English Opening Anglo-Scandinavian Defense Schulz Gambit

How to Play the English Opening: Anglo-Scandinavian Defense, Schulz Gambit

The English Opening: Anglo-Scandinavian Defense, Schulz Gambit is an unconventional variation that leads to dynamic and unbalanced positions right from the start. It is characterized by the following moves:

  • 1. c4: White starts by advancing the queen’s pawn to the fourth rank, controlling the center and preparing for piece development. This is a typical first move in the English Opening.
  • 1… d5: Black responds immediately by challenging the center, an uncommon move in this opening that leads to the Anglo-Scandinavian Defense.
  • 2. cxd5: White captures the d5 pawn. This marks the beginning of the Schulz Gambit, offering a pawn to gain a development advantage.
  • 2… Nf6: Black develops the knight to a central position, recovering material and preparing to continue developing their pieces.

Variations of the English Opening: Anglo-Scandinavian Defense, Schulz Gambit

Variation 1: 2… Qxd5

In this variation, Black chooses to recapture the pawn with the queen. This can lead to a fast-paced game, but Black’s queen may become vulnerable to White’s early attacks and developments.

Variation 2: 2… e6

Here, Black prepares to recapture the pawn with the queen in a safer manner. This move also contributes to development, preparing for castling and rook connection.

English Opening: Anglo-Scandinavian Defense – Schulz Gambit

The English Opening begins with the move 1. c4, aiming to control the center from the flank. In the game we are analyzing, after 1. c4 d5, the Schulz Gambit in the Anglo-Scandinavian Defense is chosen. This opening is known for its dynamic play and tactical possibilities.

Current Position and General Strategy


Strategy: White has captured the d5 pawn (2. cxd5), gaining space in the center. This allows White to aim for a more active game, controlling central squares and preparing the development of minor pieces toward the center and king’s side.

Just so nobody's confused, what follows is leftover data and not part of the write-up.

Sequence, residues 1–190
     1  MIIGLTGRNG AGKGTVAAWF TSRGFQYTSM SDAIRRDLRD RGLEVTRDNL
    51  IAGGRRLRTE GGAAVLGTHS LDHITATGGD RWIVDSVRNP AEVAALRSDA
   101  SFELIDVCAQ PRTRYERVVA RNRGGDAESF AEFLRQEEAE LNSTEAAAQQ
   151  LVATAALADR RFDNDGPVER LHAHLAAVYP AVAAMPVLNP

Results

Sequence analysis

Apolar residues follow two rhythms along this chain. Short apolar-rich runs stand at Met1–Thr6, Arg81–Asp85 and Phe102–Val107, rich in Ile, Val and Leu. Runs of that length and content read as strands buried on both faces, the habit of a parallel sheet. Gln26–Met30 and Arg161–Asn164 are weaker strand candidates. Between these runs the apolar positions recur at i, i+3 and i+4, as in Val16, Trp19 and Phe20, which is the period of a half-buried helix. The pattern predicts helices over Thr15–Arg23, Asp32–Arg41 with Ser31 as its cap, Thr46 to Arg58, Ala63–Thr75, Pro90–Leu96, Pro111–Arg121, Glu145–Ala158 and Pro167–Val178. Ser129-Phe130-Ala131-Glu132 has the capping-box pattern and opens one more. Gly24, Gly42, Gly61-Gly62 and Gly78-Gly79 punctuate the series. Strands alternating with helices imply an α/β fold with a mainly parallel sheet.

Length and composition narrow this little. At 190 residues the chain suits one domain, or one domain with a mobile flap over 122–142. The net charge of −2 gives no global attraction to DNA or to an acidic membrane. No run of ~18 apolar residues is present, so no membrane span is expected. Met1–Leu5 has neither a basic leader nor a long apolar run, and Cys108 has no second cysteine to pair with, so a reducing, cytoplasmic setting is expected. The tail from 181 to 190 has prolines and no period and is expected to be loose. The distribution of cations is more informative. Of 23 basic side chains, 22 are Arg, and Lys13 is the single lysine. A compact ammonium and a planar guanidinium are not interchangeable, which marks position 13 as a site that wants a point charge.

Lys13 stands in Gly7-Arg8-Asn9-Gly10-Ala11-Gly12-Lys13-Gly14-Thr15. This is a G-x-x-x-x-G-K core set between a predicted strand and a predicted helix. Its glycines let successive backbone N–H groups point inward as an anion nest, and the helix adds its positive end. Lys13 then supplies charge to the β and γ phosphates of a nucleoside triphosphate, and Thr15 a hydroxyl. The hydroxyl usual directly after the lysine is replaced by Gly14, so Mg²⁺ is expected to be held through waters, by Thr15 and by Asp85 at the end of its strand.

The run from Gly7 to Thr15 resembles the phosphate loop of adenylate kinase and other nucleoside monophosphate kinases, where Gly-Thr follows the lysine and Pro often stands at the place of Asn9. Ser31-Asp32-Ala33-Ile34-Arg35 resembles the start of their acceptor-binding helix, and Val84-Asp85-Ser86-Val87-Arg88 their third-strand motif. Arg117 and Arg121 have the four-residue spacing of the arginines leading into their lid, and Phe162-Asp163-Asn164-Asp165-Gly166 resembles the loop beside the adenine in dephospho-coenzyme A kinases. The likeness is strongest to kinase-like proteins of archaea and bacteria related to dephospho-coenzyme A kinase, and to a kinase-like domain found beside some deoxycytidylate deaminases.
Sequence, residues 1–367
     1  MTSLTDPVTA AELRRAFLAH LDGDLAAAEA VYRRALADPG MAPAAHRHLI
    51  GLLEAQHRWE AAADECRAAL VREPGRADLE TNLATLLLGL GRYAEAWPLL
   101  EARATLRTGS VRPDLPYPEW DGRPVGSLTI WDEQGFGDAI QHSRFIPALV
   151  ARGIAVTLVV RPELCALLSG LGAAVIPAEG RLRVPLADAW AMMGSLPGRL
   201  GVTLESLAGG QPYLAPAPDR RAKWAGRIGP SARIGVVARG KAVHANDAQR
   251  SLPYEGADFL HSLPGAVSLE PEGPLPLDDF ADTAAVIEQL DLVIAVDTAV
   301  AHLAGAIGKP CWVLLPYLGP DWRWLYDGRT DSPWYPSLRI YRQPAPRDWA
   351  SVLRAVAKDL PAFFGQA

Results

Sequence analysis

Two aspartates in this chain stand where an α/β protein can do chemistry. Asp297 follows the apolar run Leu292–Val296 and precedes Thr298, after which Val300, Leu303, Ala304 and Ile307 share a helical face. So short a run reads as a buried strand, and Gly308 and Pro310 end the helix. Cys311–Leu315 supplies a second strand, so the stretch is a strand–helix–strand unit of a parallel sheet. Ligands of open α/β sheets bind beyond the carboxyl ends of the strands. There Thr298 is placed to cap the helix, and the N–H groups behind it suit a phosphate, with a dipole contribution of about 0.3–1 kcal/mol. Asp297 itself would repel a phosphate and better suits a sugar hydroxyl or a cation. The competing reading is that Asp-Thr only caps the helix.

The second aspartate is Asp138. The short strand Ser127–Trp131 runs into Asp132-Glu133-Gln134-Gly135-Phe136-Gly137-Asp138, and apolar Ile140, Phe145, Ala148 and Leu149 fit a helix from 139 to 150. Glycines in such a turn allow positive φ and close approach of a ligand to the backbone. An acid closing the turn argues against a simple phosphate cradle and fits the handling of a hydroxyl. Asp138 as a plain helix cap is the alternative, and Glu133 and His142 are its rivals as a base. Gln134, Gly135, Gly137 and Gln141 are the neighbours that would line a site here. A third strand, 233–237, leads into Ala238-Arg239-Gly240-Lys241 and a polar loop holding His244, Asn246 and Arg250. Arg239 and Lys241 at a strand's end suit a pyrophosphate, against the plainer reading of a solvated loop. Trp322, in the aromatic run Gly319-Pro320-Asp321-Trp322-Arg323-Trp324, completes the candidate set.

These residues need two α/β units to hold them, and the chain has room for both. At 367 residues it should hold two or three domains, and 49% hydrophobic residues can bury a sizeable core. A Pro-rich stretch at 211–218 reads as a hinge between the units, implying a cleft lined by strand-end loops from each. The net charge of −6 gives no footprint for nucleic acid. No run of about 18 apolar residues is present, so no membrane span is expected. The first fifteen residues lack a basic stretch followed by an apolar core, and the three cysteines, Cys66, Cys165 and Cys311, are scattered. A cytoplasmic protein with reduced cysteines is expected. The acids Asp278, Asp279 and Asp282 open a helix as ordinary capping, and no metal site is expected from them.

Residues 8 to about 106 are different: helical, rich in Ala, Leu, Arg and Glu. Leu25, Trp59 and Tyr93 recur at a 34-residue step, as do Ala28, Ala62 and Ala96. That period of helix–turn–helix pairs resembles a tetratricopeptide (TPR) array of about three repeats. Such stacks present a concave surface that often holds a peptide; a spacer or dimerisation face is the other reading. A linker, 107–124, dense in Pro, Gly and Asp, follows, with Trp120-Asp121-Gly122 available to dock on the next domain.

Suggested Next Moves:

  • e4: Advancing the e2 pawn to e4, White strengthens their control of the center and opens lines for the development of minor pieces, especially the king’s bishop.
  • Nc3: Developing the knight to c3, White increases control over the center and prepares the ground for future tactical maneuvers.
  • Nf3: Developing the knight to f3 aims to reinforce control of the center and prepare for quick castling. Additionally, this move exerts pressure on the e5 pawn, a common tactical target.


Strategy: Black has opted for an aggressive response with 1…d5, directly challenging White’s control of the center. After capturing the d5 pawn, Black has developed the knight to f6, seeking to regain the pawn and pressure the center.

Suggested Next Moves:

  • Nxd5: Recovering the lost pawn on d5 with the knight is the most natural move, reinforcing presence in the center and preparing the development of other pieces.
  • e6: An alternative move that prepares to recapture the d5 pawn with the queen or bishop while contributing to development and connecting the bishops.
  • g6: Preparing a fianchetto of the dark-squared bishop, Black can enhance their control in the center in the long term and develop a solid game plan.

Tactical and Strategic Considerations


They should focus on maintaining and expanding their spatial advantage in the center. Rapid piece development and preparation for safe castling are crucial. Possible tactical ideas include advancing central pawns, creating direct threats in the center and king’s side.


Recovering the lost pawn is important but not at the cost of harmonious development. Black should be alert to counterattack opportunities, especially in the center and queen’s side. Development and piece coordination are essential to withstand White’s pressure.

This opening offers a rich and varied game with tactical and strategic opportunities for both players. The choice of future moves should be based on a balance between development, center control, and preparation for potential tactical encounters.